It Usually Starts With A Story! by Mrs. P

BonBon Break

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I always loved when school started, and everyone would ask what you did all summer.  In elementary school we often had to write a story about what we did on our summer vacation. You can see by this photo I had an early knack for storytelling.  It was fun to make up something fantastic even if my vacation consisted of lying on the grass, looking up at the clouds and seeing all sorts of magical and wonderful images in them.  I could always go outside and be entertained by the sky – which, by the way, makes even the biggest Imax movie screen look positively tiny.


With school starting you can help find ways to nurture your little one’s storytelling skills. Asking your child to tell you a story helps to develop an active mind. Kids are naturally creative; your job is to give them an environment that will let their imaginations flourish. When your child brings home a watercolor she painted at school, you can get her in the storytelling mode with an open-ended suggestion like “ tell me about your picture.” It’s tempting to try and guess what she created but much more fun (for both of you) to hear her weave a story to go with the picture.


As a professional storyteller, not only in my Magic Library at, but also with my visits to classrooms, hospitals and libraries around the country, I have learned firsthand the power that books hold for children. Without a boarding pass, a train ticket or even a good pair of walking shoes, I can take kids on a journey to the most wonderful places imaginable! And in the process, I help kids develop effective listening and comprehension skills. I strongly believe, however, that kids should also be encouraged to create their own stories. It’s an important exercise in creativity that offers a whole different set of benefits:

1. Helps hone vital writing skills (such as developing clarity of images and ideas)

2. Improves organizational skills (required to tell a well-structured story)

3. Gives the imagination a serious work-out (using completely different ‘muscles’ than when you listen to or watch a story someone else has created)

Generates self-confidence (when a story you created entertains or influences a reader!)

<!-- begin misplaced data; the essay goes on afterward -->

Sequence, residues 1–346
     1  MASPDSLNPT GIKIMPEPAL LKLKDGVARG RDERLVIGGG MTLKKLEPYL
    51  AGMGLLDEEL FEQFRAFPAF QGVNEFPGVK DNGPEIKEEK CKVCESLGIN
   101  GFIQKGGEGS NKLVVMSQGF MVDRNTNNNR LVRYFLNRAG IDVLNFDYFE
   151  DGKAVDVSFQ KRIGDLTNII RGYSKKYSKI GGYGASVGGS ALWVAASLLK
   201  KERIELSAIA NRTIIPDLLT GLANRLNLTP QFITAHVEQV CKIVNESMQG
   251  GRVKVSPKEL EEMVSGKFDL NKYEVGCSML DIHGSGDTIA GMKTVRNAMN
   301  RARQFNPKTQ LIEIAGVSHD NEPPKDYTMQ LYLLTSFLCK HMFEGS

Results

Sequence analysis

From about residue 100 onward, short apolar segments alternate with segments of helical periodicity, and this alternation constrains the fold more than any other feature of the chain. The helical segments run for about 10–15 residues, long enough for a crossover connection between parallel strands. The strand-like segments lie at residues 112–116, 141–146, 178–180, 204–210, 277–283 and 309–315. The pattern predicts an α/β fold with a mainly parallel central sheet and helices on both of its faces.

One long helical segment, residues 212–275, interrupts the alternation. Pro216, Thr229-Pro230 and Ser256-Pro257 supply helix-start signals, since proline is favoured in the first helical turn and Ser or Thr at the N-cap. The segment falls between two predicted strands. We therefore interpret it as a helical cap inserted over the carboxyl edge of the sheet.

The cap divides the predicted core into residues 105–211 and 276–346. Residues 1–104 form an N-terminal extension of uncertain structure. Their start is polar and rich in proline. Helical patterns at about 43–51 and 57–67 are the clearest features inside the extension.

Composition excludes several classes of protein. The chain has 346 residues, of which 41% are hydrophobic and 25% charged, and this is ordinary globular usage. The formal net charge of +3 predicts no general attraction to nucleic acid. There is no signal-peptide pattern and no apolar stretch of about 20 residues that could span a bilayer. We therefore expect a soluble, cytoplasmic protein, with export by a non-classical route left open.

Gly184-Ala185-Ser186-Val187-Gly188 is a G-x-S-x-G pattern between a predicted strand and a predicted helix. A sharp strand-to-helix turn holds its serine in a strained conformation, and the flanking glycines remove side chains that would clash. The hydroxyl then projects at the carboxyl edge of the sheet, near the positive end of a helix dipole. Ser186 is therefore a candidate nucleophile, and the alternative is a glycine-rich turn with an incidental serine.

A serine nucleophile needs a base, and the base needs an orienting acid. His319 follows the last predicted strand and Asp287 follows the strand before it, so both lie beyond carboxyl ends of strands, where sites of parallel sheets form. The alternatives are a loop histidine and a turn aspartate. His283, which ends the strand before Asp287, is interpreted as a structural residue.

The skill of mastering the written word is one of the greatest gifts we can give our children. For evidence of its power, we need only look at Shakespeare’s plays, which still move audiences more than 400 years after they were written; or the Constitution of the United States, which presidents and lawmakers still look to for guidance 200 years after its authors first put pen to paper.

What better way to begin developing such an important skill than with “tell me a story…”?

To help encourage kids to create their own stories and kick off back to school, I hold an annual writing contest for classrooms across the country, which is open for submissions until November, 2013. The contest is for grades K-4. Tell your child’s teacher about the contest as the schools win much needed books. The details of the contest can be found at



TV star Kathy Kinney (“The Drew Carey Show”), portrays Mrs. P and is also one of the creators of the website. The website endeavors to expose young people to great books and stories through a celebrity storyteller, Mrs. P. has no advertising and is completely free, making it a fun and educational online destination for teachers, parents and children. The site also contains interactive games, coloring sheets to download, and activity guides to accompany chapter books like “Alice in Wonderland”. Every story also offers read along options so children can see the words, which is helpful to early readers, and ESL students. Mrs. P is the recipient of The National Parenting Center 2009 Seal of Approval and the American Library Association distinction of “Great Website for Kids.”

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Slider graphic: photo credit: insidethemagic via photopin cc


This post was written exclusively by Mrs. P for Bonbon Break Media, LLC and Mission Read

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